Stainless Steel 304 1.4301
Stainless steel 304 and stainless steel 304L are also known as 1.4301 and 1.4307 respectively. Type 304 is the most versatile and widely used stainless steel. It is still sometimes referred to by its old name 18/8 which is derived from the nominal composition of type 304 being 18% chromium and 8% nickel. Type 304 stainless steel is an austenitic grade that can be severely deep drawn. This property has resulted in 304 being the dominant grade used in applications like sinks and saucepans.
Type 304L is the low carbon version of 304. It is used in heavy gauge components for improved weldability. Some products such as plate and pipe may be available as “dual certified” material that meets the criteria for both 304 and 304L.
304H, a high carbon content variant, is also available for use at high temperatures. Properties given in this data sheet are typical for flat rolled products covered by ASTM A240/A240M. It is reasonable to expect specifications in these standards to be similar but not necessarily identical to those given in this data sheet.
Springs, screws, nuts & bolts
Sinks & splash backs
Brewery, food, dairy and pharmaceutical production equipment
Sanitary ware and troughs
Stainless steel grade 1.4301/304 also corresponds to: S30400, 304S15, 304S16, 304S31 and EN58E.
304 has excellent corrosion resistance in may environments and when in contact with different corrosive media. Pitting and crevice corrosion can occur in environments containing chlorides. Stress corrosion cracking can occur above 60°C.
304 has good resistance to oxidation in intermittent service up to 870°C and in continuous service to 925°C. However, continuous use at 425- 860°C is not recommended. In this instance 304L is recommended due to its resistance to carbide precipitation. Where high strength is required at temperatures above 500°C and up to 800°C grade 304H is recommended. This material will retain aqueous corrosion resistance.
Fabrication of all stainless steels should be done only with tools dedicated to stainless steel materials. Tooling and work surfaces must be thoroughly cleaned before use. These precautions are necessary to avoid cross contamination of stainless steel by easily corroded metals that may discolour the surface of the fabricated product.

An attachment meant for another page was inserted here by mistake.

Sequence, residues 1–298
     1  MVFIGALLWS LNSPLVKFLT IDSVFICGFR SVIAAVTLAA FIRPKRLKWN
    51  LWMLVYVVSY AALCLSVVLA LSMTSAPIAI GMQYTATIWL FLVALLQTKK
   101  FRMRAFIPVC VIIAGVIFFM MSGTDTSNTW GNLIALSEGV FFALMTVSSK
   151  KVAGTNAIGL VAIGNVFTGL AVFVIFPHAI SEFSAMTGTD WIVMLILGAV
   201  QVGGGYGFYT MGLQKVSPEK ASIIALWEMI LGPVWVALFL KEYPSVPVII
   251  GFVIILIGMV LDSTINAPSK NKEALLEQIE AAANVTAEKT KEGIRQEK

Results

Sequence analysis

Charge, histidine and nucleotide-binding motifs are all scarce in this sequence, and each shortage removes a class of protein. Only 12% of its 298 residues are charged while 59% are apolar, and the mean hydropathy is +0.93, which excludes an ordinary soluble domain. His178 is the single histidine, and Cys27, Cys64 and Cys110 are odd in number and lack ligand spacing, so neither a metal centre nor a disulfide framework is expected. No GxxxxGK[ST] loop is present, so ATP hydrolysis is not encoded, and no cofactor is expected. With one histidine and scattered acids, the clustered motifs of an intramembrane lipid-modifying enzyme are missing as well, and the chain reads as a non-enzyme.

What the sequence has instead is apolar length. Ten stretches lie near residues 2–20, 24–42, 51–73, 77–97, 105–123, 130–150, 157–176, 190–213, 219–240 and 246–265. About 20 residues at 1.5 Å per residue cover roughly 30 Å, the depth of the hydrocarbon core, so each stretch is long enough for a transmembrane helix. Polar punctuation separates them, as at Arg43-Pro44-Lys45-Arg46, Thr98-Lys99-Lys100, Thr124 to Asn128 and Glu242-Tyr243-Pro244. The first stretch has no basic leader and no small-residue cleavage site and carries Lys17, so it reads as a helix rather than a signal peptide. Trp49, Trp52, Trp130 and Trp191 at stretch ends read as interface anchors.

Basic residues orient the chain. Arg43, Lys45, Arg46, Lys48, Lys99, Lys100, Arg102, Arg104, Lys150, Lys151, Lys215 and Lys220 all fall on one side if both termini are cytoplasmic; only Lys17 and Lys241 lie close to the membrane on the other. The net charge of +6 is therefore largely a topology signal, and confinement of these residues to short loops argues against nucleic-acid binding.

304 stainless steel readily work hardens. Fabrication methods involving cold working may require an intermediate annealing stage to alleviate work hardening and avoid tearing or cracking. At the completion of fabrication a full annealing operation should be employed to reduce internal stresses and optimise corrosion resistance.
Fabrication methods like forging, that involving hot working should occur after uniform heating to 1149-1260°C. The fabricated components should then be rapidly cooled to ensure maximum corrosion resistance.
304 has good machinability. Machining can be enhanced by using the following rules: Cutting edges must be kept sharp. Dull edges cause excess work hardening. Cuts should be light but deep enough to prevent work hardening by riding on the surface of the material. Chip breakers should be employed to assist in ensuring swarf remains clear of the work. Low thermal conductivity of austenitic alloys results in heat concentrating at the cutting edges. This means coolants and lubricants are necessary and must be used in large quantities.
304 stainless steel cannot be hardened by heat treatment. Solution treatment or annealing can be done by rapid cooling after heating to 1010- 1120°C.
Fusion welding performance for type 304 stainless steel is excellent both with and without fillers. Recommended filler rods and electrodes for stainless steel 304 is grade 308 stainless steel. For 304L the recommended filler is 308L. Heavy welded sections may require post-weld annealing. This step is not required for 304L. Grade 321 may be used if post-weld heat treatment is not possible.